Plans for hybrid schooling elicits mixed student reactions

January 21, 2021 — by Ethan Lin and Allen Luo
Photo by Ethan Lin

The hallways of the school are empty as the district continues with online learning.

After moving into Phase 2 of remote learning in the fall, the district had begun to plan for the transition into phase 3 — hybrid schooling — as they anticipate COVID-19 measures slowly lifting. But due to Santa Clara County moving back into the purple tier last November, these plans have been delayed, and when the school can proceed with its transition remains unclear. 

Phase 3 hybrid learning entails some students attending in-person school on an alternating, part-time schedule, while the rest remain at home for remote learning. Those in the former would be set into permanent cohorts that would be allowed on campus for school on specified days. For example, some students would attend on Monday and Tuesday, while others would attend on Thursday and Friday.

The prospect of returning to school in Phase 3 has raised mixed opinions among students. The decision to return is voluntary and students have the option to opt out. Most are hesitant about such a move and would only consider it if the risk of contracting the virus is decreased. 

“If the right measures are taken, I will feel comfortable going to school,” junior Glenn Liang said. “However, I realize that something is always going to go wrong. Some people don’t like to follow instructions, and the rest of us will have to suffer the consequences. Currently, I’m not comfortable going back.”

This sentiment is shared among many others. Sophomore Trevor Leung also expressed concerns about maintaining a safe student environment and suggested requiring all students take a COVID-19 vaccine or having students attend school through small cohorts to minimize the risk of widespread contamination. 

Currently, the timeline for the deployment of vaccines is unclear, but public health officials have indicated the possibility that the school staff will have access to vaccines as early as February, while the vaccine would be available to the general public (including students) as early as late May or early June. However, according to district superintendent Mike Grove, the state has yet to release any further information.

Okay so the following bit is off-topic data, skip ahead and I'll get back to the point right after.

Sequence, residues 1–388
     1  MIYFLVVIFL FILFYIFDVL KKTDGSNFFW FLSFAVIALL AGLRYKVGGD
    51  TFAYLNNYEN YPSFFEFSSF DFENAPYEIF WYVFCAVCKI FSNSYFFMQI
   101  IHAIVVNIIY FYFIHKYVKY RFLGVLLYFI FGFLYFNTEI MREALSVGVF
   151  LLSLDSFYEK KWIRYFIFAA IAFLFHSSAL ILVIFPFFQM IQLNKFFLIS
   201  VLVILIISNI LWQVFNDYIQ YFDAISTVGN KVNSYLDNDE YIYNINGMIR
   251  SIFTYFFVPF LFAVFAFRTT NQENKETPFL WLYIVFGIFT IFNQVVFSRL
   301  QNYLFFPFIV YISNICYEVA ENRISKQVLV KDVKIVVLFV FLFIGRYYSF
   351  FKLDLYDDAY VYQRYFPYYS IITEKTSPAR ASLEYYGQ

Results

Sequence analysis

Still others are less accepting of these risk prevention methods. Sophomore Siddarth Kamannavar said any instance of COVID-19 in California would be enough for him to refuse to attend.

Concerns about the effectiveness of a hybrid model have also been raised, as the rotation of students to and from school may cause more issues as teachers manage both in-class and online learning. 

“I think hybrid will be less effective because there would just be so many things going on at once,” Liang said. “In addition, things can’t be as interactive because there are just too many rules that we have to follow if we’re in person.”

Still, hybrid schooling may not be completely ineffective. For some classes, teachers feel that being in-person will be more beneficial than being online.

  “I think the hybrid model would be beneficial for AP Physics — I could do live demonstrations and students could see the lab materials in person,” said AP Physics and Principles of Engineering teacher Matthew Welander. “But I don't think it would work well for the Principles of Engineering class. We start our programming and robotics units soon, and this requires the daily use of materials.”

Despite the many measures required before hybrid schooling can come to fruition and students can feel safe, the prospect of returning to in-person school is a hope that many share. 

“Even though it would be a hybrid system, it would still have a school atmosphere,” Liang said. “I miss the sound of bells signaling the start and end of each period, the groups of friends hanging out at different places, and just the ability to talk to a face and not a computer screen.”